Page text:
Earlier this month UberX, Uber's rideshare service, launched in four cities in South Carolina. Residents of Charleston, Greenville, Columbia, and Myrtle Beach are free to download Uber's app and request a ride from a driver using his or her own vehicle. However, police across South Carolina are planning on taking action against UberX drivers, who they believe are violating regulations.
According to the South Carolina Office of Regulatory Staff, Uber is illegally operating in the Palmetto State without state or local business licenses.
The Nerve, a project of the South Carolina Policy Council, reported that police officers in Greenville and Columbia could issue UberX drivers warnings and citations at their discretion.
Myrtle Beach officials claim that Uber is not licensed to work in the city, and Myrtle Beach police have said that they plan to cite UberX drivers for operating without a business license, which Myrtle Beach officials claim each driver needs. Uber believes that it does not need a business license because it is connecting passengers and drivers via its app and not providing rides.
From WPDE NewsChannel 15:
So why doesn't Uber just get a business license? Taylor Bennett, an Uber spokesperson said they don't think they need one.
He said Uber is a technology company that connects drivers and riders through an app. Because they don't actually provide the ride, they say they don't need a business license.
As for the city's crackdown, Uber argued the city is limiting competition and hurting residents in the long run.
"What Uber provides is economic opportunity for drivers to make a living, to make some extra cash, to start their own business and to take it away they're taking jobs away from cities. It's taking opportunity away from drivers," Benett [sic] explained.
It's a shame that police in Myrtle Beach are planning on dedicating time and resources to citing UberX drivers when the city has a violent crime rate that has been historically much higher than the U.S. average. Don't the police in Myrtle Beach have anything better to do than pursuing drivers willing to give a ride to consenting customers?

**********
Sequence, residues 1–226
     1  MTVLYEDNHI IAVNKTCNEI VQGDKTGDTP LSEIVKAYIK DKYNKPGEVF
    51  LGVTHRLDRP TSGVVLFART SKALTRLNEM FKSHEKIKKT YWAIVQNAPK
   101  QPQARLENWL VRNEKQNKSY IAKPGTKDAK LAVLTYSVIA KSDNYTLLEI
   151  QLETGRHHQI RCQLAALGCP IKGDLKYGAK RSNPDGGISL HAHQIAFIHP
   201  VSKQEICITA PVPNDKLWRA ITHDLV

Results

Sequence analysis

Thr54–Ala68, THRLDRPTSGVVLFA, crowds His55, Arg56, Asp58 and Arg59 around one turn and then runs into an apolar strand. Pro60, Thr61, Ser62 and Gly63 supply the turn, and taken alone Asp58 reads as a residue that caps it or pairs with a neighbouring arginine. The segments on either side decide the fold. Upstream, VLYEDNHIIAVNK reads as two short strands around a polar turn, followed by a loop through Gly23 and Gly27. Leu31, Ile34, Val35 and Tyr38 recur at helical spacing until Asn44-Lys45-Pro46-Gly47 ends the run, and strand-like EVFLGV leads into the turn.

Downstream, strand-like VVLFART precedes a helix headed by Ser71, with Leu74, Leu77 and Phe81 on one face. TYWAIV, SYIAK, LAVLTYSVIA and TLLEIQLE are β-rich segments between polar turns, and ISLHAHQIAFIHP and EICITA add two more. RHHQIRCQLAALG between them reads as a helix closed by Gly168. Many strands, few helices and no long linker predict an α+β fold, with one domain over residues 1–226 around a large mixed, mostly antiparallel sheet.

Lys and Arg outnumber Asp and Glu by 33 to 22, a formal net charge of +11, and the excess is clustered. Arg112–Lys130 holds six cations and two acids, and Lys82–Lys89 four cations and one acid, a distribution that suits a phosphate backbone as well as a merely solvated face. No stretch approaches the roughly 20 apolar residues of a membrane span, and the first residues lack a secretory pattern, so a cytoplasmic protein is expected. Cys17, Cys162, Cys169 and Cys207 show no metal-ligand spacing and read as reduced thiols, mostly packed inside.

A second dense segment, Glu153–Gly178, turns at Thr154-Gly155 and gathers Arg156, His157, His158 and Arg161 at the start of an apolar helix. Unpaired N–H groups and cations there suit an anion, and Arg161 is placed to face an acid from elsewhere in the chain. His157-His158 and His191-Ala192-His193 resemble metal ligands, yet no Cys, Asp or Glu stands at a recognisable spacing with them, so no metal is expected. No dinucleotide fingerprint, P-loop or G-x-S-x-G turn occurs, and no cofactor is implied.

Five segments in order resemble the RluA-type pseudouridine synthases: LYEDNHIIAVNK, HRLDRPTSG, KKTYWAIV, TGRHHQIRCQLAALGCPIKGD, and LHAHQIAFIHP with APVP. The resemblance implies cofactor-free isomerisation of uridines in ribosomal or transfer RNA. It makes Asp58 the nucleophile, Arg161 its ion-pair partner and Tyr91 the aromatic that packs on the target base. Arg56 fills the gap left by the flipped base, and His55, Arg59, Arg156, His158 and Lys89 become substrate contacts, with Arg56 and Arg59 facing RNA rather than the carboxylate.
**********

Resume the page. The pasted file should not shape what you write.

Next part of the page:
In Charleston, police are reportedly planning on sting operations. Undercover police will be handing out warnings to UberX drivers before eventually "handing them citations with a maximum fine of $1,049," according to The Post and Courier. Uber plans to pay all of the fines issued to UberX drivers.
Similar sting operations targeting ridesharing company Lyft took place earlier this year in Miami.
Uber spokesman Taylor Bennett, who also commented on the news from Myrtle Beach, said that law enforcement discouraging UberX drivers from operating is the same as discouraging entrepreneurship:
"Any effort by law enforcement to discourage drivers from partnering with Uber is the equivalent of discouraging people from pursuing entrepreneurship, making a living, and contributing to the economy," Bennett said. "Instead of listening to taxi companies complain about competition, authorities should listen to the people of Charleston who have embraced more choice and greater access to opportunity."
Rather than trying to enforce regulations that cannot keep up with the changes in technology that allow Uber to function South Carolinian officials and police should perhaps concern themselves with actual nefarious behaviors and not passengers using an app to find a driver.